As a side note, the term for “judgment” is krima in the Greek. It refers to condemnation and contextually to a more severe condemnation at that. Once again, we must consider such words in relationship to Romans 8:1, “There is therefore now no condemnation (katakrima, literally “judgment against”) to those who are in Christ Jesus, who do not walk according to the flesh, but according to the Spirit.” False teaching especially is a powerful place of condemnation and every generation on this earth has had teachers who will receive severe punishment for leading many astray. It is quite possible too that this passage has more than just the judgment of God in mind; that is, the judgments of people. In this case, the idea of blamelessness (see 1 Timothy 3:2, 10 and Titus 1:6-7) is key to a ministry that is not disqualified or distracting from the ministry of the word to others. Blamelessness is not sinlessness, it is simply not having charges unresolved that might stand against. People do judge teachers and pastors all the time and whether or not they are accurate in their assessments, there is certainly a greater strictness to the standards by which a pastor or teacher are held. I would say to that, though, that whether or not we are held to higher or lower standards by our peers, in the sight of God, we are judged individually in accordance with His holy standards and not on a curve in relation to one another’s deeds and misdeeds.
We should also consider in the context of this passage that James 2 ended with a repeated principle: faith without works is dead. As an extension of works by which faith is exemplified, the tongue and what it is used for is absolutely a channel by which either faith or doubt, acceptance or rejection, are manifested. It is a revealer of what is inside; that’s why Jesus said that it is what comes out of the mouth that defiles a man. It’s not what we feast upon, but what we spew forth, that defiles. This defilement is essentially taking a poisoned heart and spreading such poison into the lives of others, whether that be false beliefs, sinful motives, or sinful attitudes. If you keep company with a bitter person, don’t be surprised if you start to cop such an attitude soon yourself. If you spend time around people who speak with gentleness, love, and talk about God, don’t be surprised if you should be influenced by that–or if that’s not your heart, that you soon find an exit. James 3:1-12 uses many examples to highlight a tongue that is hard to tame because of a heart that needs redeemed or needs sanctified. Invariably, while we live in this world even as sinners saved by grace, we will have struggles with sin to the grave, but we don’t celebrate our performance; we celebrate Christ’s provision for people who would never be good enough to earn God’s eternal favor.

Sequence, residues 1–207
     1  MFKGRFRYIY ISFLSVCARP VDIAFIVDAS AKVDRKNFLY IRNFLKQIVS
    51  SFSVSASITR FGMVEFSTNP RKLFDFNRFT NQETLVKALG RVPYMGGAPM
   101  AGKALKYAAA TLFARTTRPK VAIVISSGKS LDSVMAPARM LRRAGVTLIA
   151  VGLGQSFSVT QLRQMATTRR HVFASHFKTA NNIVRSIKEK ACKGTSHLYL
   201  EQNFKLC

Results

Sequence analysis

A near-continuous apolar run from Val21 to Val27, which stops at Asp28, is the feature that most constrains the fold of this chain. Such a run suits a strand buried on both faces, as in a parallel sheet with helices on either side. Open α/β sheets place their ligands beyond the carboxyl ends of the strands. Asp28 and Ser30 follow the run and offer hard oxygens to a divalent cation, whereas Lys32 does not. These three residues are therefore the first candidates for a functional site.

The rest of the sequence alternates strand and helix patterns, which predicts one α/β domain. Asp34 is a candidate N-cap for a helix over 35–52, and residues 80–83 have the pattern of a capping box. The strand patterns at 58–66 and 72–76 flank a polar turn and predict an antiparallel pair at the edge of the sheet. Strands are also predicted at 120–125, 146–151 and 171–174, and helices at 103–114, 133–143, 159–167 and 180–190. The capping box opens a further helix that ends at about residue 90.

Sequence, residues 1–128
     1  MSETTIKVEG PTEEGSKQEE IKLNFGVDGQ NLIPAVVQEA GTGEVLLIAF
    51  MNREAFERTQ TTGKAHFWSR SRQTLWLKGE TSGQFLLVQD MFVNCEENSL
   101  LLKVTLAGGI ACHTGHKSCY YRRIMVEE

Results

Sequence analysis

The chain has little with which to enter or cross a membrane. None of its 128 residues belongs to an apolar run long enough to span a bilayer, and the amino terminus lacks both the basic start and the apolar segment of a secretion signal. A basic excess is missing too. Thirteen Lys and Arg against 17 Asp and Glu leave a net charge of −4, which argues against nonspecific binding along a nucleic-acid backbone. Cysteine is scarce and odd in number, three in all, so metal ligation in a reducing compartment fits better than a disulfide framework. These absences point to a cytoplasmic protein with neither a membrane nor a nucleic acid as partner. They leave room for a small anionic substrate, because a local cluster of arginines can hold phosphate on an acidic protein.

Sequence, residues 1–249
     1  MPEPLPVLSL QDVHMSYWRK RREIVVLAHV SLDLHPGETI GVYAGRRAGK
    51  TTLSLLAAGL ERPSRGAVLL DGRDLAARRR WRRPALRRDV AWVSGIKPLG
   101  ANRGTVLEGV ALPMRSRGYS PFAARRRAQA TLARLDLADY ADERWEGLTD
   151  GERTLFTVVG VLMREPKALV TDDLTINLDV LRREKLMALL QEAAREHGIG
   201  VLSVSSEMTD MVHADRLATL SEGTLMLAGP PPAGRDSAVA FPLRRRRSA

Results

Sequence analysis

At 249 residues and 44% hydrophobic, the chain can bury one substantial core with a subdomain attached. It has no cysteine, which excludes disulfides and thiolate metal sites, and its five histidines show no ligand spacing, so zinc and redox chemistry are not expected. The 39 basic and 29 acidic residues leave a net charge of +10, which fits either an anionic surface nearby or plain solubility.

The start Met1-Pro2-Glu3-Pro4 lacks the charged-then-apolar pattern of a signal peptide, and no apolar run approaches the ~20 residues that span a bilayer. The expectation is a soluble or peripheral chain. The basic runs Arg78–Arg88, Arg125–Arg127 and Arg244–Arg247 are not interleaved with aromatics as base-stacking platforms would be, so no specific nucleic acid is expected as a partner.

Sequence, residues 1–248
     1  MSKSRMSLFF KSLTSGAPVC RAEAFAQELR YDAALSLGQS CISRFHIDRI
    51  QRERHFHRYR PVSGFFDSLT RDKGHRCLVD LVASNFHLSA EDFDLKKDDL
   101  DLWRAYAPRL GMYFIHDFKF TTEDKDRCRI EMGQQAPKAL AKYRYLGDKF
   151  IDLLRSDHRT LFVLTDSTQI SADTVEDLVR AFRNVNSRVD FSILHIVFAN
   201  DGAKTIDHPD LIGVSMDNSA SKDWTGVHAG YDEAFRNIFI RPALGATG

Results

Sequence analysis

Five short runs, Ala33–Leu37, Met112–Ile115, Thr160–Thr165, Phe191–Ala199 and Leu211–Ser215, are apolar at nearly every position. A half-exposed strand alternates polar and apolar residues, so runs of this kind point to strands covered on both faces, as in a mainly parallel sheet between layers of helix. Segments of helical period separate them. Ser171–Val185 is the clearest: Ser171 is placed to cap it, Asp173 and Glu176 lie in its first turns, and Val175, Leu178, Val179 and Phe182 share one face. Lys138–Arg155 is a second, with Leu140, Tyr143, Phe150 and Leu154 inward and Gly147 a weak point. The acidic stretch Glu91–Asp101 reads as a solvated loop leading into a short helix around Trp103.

What comes out of us when the pressures of life come is only indicative of what is already inside of us. Like the squeezing of a sponge with water pouring forth, no one squeezes water from a dry sponge. That which is not present is impossible to draw out no matter how much pressure is applied. You can’t start a fire in a cave to chase out a bear that isn’t there in the first place, right? You don’t turn on an oven to 425 degrees for 20 minutes in hopes of having a cooked pizza come out if there was never one in there, do you? What the tongue says, and often what it also does not say, is indicative of the condition of a person’s heart. You won’t hear people who don’t love God being moved to praise Him; it just doesn’t happen. You won’t think of a person who constantly complains as content, will you? Words are an extension of the thoughts of a person, very much like the tip of an iceberg. Perhaps some folks let most of what’s in their head out but it’s quite common that most people will have far more thoughts in their head than their tongue puts out there.
If someone says they are a messenger of God but their message is contrary to the word of God, it is their words that either establish or destroy their claims. Verses 10-12 speak to that: a mouth that produces both blessing and cursing, a spring that sends forth both bitter and fresh water, and a fig tree that produces figs versus a grapevine that produces figs. If a dog magically came up to me and claimed to be a cat, but he still barked like a dog, walked like a dog, chased cars and so forth, I’d say he was a liar of a dog. Why? Because we act in accordance with our nature, not our claims. Let’s put that statement on repeat: we act in accordance with our nature, not our claims.
Lastly, what was this whole passage really getting at anyways??? Well, most of the verses are simply reestablishing the primary verse of James 3:1. Illustrations are being used, not to get to a point, but because a point has been made. Verse 1 is not intended to scare everyone away from teaching, nor is it meant to encourage us to not pursue doing so as it would seem wise to simply avoid stricter judgment by not even volunteering in the first place. It is, however, meant to give a very solemn warning in view of the power of such a position of influence, that its gravity is great and the extent of what is taught far-reaching. Don’t you think that’s the point of bits in horses’ mouths and rudders on great ships? If a forest can be set on fire by a flame, so too can a great multitude of people be led down paths of destruction by the words of a single man or woman. Praise God for those who are still proclaiming the Gospel faithfully and the people who are following that teaching by trying to live it out themselves through God’s grace. Thank God for His word, the Bible, and may we continue to seek to mine it’s truths, faithfully interpret what we find and adhere to the principles found therein.
Thank you for your time and consideration of James 3:1-12. May God use this study to help you in your growth and understanding of His word, and please, by all means, search the Scriptures to see if these things are so. May God bless you today.
Scripture taken from the New King James Version®. Copyright © 1982 by Thomas Nelson. Used by permission. All rights reserved.